Something a little unusual currently on the stocks - possibly two of them....The Confederates would certainly have appreciated having them on side!
I think I am about ready to give my tweaked version of Bob Cordery’s ACW rules from his excellent book Gridded Naval Wargames. The nub of my thoughts I outlined in my previous post and after further consideration and endless jotting down of bits and pieces (with the occasional scribbling out) I have got to just about where I want to get to.
The next step then will be a test run but it will not be the last as I am conscious that at present the variety of model ships I have to use is quite limited. I have a further four ships currently on the stocks but these are very much at the top end of the spectrum being both well armed and armoured. Once these four are ready I shall be looking at the other end of the scale - gunboats of various sizes.
Further to my post of yesterday it is probably a good idea for me to outline what is what in respect of the various categories I am using where they differ or are in addition to Bob’s originals.
Ship Categories. The only real change here is that I am expanding out the Steam Frigate and Steam Gunboat categories to allow for armoured vessels in the former case and varying degrees of protection in the case of the latter - tin, timber or cotton. There will also be a bigger range of flotation points in play to reflect the various sizes of ship in use. A further tweak will be to record if a ship is fitted with or configured as a ram.
Ship Speed. One hex per 4 knots of speed - originally 5 but in retrospect I think 4 will allow for better modelling of specific types.
Flotation Points. 1 point per hundred tons up to 1,500 tons 1 point per 250 tons thereafter. the critical point is typically one third of the total so a vessel with 15 flotation points will have a critical point of 5 so when it has sustained more than 10 hits it must look to its own safety and break off the action where able to.
Protection. Heavy - armoured warships with proper plate armour, Medium - light armour or tin clad, Light - timber or cotton clad and unprotected - little or no armour.
Armament. Ships should have a diagram showing the location of their guns and these are rated as Heavy - 8” or 100 pdr plus, Light - 18 pdr or smaller with the Medium category being everything else. Note that guns classed as Rifled should be noted with the letter ‘R’ in brackets at the gun location e.g B H R is a bow mounted heavy rifle.
The sequence of play is identical to that in Bob’s original rules and the only procedural change really concerns firing. Bob used a sliding scale so that the number of dice rolled to hit reduces as the range lengthens. This is a tried and tested technique as it replicates both the reduced chance of hitting a target the further away it is and also the reduced damage effect when you do. It is both a simple and elegant system. As my version is differentiating between gun types a system that reflects these in needed. The approach I have adopted owes more than a passing nod (no pun intended, well maybe it was!) to the system that Andy Callan used in his venerable ‘Noddy’ rules for ACW riverine warfare from way back in 1984.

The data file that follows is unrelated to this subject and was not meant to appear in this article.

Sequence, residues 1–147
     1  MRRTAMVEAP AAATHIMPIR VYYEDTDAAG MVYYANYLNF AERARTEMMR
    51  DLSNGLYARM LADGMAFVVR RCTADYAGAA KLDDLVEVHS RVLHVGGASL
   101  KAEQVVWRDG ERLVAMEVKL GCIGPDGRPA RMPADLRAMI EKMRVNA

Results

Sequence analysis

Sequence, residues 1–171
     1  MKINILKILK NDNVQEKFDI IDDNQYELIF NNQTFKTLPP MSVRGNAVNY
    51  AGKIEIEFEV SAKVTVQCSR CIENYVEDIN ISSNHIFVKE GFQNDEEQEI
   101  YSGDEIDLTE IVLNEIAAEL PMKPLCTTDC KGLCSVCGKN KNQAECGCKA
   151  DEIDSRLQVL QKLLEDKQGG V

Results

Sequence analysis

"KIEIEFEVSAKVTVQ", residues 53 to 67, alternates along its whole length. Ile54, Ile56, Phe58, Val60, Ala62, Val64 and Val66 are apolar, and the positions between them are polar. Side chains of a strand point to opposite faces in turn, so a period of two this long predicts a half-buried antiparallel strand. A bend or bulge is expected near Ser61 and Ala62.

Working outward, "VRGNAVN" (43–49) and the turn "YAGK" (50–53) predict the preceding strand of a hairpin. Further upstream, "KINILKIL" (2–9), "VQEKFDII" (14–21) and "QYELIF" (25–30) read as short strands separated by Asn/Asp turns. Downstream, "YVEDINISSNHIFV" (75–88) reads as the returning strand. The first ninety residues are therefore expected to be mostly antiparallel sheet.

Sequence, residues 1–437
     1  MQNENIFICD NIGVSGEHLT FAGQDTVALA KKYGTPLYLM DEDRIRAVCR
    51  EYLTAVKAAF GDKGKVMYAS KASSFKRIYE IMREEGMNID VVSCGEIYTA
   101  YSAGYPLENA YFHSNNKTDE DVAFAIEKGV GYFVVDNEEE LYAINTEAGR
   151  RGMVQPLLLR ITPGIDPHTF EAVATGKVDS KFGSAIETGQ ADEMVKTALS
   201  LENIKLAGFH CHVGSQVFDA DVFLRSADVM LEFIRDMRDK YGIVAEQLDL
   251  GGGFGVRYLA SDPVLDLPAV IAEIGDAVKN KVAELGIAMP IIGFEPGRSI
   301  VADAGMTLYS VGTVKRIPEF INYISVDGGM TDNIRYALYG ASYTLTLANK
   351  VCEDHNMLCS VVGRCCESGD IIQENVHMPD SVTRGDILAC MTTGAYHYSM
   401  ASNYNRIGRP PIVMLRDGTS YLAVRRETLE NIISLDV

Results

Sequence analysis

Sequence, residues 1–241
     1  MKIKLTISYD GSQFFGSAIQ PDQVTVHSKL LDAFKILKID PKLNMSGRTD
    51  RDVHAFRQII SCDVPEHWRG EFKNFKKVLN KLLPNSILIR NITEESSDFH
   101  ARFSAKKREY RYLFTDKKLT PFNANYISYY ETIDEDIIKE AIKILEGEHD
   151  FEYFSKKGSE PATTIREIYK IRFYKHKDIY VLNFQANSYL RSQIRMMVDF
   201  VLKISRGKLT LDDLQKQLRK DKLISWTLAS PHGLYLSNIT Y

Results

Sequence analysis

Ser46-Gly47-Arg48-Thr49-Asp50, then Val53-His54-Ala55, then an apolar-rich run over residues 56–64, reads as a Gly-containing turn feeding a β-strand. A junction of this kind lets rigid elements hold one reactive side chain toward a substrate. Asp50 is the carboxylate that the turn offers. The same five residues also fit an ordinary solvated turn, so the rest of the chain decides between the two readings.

I have adopted the following range bands. Point Blank is range 1, Effective is ranges 2 though 4 whilst Long is 5 through 8.
Each gun rolls the number of d6 indicated by its type - 3 for heavy, 2 for medium and 1 for light. The number of dice thrown can be modified by a number of factors so, for example, at point blank range an additional d6 is rolled whilst at long range one dice less is thrown. An additional d6 is added if the salvo includes any rifled weapons firing at long range.
But what of light guns that only roll a single d6 firing at long range? I hear you ask. What indeed. The key part of this is that ships may only engage a single target with all the guns that bear. This may mean multiples of varying weights of ordnance. The addition or deduction of a dice for range applies to the entire salvo - not to the individual gun unless that is all that can fire. This means that for the light gun if it was on its own would not be able to hit a target at long range (unless it was a rifle gaining an additional d6).
Once the number of firing dice have been rolled and the number of potential hits determined this is where the protection level of the target comes into play. Based on the protection level of the target ship the owning player rolls saving dice based on 3d6 for heavy protection, 2d6 for medium, 1d6 for light and none for unprotected. The chance to negate a hit is the same as for scoring one i.e. 4 or 5 negates a single point whilst a 6 negates 2 hits. I have changed this since yesterday as the system I was planning on using meant that the more hits you scored on the target the more chance they had to negate them. By setting a limit based on the protection level of the target this is not so much of a problem.
I considered allowing for the effect of different calibre of weapons opposed to varying levels of protection but to be honest this would have added a further layer of complexity that would not be in keeping with the spirit of the rules. I have assumed that any calibre of weapon has the potential to cause damage to any vessel regardless of its protection level. Remember that damage control during this period, especially in the face of the new technology in use, was very much in its infancy and so many of the safety features of later warships simply were not available.
The first of my play tests will feature ships that have yet to see action and it is worth pointing out that the after action report will not be filled with my usual purple prose - it will be strictly business. Well almost!